The feds love it when you make it easy for them, but if you’re smuggling cocaine, you probably shouldn’t get into a car with a “SMUGLER” vanity plate. Or stay at the Smuggler’s Inn.
After snitches tipped them about a coke deal at a Pizza Hut in Washington state in December, Homeland Security set up surveillance and noticed a GMC Yukon with the license plate “SMUGLER.”
Agents followed the SUV to the appropriately titled bed and breakfast place, which is just a stone’s throw from the Canadian border. After pulling it over, they discovered a box with nine bricks of coke weighing nearly 24 pounds. The driver and owner of the inn figured it was just a Christmas present.
20-year-old Jasmin Klair confessed and agreed to work with the authorities. She said she had been instructed to book a ground-level room facing Canada at the Smuggler’s Inn with the names “Al Capone” (come on) and “DB Cooper.”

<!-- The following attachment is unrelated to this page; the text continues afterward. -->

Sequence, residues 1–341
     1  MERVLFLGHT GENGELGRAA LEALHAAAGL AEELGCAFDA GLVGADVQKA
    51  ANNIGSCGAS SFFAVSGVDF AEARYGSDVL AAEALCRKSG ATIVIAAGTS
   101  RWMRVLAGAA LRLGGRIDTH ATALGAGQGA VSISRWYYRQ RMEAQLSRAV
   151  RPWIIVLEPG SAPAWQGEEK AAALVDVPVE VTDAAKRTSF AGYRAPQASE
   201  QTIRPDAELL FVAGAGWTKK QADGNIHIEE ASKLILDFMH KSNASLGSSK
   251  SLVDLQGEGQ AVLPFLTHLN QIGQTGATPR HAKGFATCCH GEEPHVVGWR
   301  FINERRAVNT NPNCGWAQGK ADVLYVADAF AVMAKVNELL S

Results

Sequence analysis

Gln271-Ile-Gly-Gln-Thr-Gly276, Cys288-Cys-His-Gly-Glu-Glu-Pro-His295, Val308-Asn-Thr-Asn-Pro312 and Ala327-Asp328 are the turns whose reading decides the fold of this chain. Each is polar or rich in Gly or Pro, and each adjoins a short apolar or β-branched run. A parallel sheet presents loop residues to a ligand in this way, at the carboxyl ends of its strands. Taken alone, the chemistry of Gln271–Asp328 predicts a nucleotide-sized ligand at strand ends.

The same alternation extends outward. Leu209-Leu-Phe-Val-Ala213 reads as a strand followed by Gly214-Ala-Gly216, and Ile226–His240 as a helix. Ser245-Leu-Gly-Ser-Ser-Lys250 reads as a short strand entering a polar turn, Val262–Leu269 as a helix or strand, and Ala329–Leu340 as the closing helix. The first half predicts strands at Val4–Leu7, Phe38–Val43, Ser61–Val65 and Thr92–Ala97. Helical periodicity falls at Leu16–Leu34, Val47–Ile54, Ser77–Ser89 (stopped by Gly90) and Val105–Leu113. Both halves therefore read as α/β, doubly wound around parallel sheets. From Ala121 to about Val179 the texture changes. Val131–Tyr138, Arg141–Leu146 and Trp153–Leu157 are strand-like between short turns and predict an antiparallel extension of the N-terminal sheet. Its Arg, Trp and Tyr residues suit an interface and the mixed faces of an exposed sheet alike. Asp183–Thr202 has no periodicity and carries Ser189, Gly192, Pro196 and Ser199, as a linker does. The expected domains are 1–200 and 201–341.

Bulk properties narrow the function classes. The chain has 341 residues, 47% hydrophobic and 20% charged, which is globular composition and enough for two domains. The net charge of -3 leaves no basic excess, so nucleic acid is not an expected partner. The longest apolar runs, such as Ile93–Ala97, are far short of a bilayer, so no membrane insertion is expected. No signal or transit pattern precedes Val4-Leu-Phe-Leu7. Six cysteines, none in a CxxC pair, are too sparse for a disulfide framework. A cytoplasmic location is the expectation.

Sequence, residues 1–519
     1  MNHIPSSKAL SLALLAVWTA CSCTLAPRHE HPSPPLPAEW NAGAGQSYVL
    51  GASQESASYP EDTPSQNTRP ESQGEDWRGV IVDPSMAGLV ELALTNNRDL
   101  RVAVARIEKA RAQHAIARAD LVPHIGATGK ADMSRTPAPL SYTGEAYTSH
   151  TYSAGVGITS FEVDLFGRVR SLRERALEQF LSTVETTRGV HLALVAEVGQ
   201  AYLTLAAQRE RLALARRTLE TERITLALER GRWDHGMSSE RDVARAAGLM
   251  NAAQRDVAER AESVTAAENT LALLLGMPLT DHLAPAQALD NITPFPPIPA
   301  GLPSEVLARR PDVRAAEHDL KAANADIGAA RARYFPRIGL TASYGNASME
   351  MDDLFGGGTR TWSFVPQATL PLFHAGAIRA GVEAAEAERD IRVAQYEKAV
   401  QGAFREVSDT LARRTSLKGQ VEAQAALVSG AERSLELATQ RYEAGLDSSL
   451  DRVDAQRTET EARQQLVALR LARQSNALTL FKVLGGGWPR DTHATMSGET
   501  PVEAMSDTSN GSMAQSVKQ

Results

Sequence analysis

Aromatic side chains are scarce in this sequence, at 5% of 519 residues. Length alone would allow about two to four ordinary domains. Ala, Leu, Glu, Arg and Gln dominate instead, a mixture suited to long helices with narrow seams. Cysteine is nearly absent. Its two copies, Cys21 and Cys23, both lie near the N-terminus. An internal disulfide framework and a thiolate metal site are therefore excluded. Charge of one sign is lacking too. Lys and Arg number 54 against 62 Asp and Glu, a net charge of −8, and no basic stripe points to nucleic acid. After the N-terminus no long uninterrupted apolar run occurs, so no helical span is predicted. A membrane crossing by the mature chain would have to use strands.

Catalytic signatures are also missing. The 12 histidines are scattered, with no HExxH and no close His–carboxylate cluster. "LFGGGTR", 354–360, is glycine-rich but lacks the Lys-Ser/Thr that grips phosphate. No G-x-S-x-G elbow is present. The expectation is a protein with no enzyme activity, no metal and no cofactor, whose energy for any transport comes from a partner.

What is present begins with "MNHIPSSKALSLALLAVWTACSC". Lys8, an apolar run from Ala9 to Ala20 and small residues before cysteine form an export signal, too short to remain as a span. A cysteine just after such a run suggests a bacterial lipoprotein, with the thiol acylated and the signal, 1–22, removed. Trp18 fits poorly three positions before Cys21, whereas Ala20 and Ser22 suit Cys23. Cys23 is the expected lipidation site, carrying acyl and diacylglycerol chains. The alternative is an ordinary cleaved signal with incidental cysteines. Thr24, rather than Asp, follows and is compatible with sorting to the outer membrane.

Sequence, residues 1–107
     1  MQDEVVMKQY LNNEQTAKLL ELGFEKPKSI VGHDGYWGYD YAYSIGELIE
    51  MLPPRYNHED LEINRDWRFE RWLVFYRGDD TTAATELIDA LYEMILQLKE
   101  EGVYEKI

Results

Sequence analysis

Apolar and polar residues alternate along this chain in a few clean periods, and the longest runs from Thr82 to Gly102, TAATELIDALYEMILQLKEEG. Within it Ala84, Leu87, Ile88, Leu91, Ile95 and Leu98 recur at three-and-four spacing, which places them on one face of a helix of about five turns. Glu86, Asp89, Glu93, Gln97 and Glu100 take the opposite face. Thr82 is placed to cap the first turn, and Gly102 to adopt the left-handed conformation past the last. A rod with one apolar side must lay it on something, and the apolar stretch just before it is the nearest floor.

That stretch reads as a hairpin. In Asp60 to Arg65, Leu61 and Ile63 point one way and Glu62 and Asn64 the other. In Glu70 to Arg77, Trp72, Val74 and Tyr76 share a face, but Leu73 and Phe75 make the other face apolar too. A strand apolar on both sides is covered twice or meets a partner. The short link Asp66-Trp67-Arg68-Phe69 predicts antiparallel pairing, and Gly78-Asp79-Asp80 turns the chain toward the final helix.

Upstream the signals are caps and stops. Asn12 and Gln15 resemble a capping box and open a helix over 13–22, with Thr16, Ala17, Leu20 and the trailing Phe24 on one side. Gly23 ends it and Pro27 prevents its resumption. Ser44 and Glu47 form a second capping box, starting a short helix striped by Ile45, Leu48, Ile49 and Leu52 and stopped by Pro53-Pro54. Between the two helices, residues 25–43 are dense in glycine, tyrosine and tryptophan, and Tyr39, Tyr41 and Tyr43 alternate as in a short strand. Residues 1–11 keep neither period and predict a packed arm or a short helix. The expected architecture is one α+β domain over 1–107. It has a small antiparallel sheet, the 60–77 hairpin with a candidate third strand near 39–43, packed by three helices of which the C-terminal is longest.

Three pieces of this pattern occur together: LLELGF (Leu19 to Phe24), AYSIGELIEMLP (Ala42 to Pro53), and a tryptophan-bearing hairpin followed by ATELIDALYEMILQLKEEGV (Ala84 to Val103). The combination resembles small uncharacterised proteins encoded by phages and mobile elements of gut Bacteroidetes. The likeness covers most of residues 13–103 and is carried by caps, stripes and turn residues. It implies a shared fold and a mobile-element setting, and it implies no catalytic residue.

It gets deeper. During her explanation, she received texts from the men who given her the job, so the cops convinced her to coax them to the inn. They arrived, and then it was all a wrap. Narminder Kaler, one of the men, said he would’ve received $2,000 for the deal.
Smuggler’s Inn owner Bob Boulé (second image), who sees about 60 similar arrests annually, shrugged it off. These incidents are numbing when you’re that close to the border.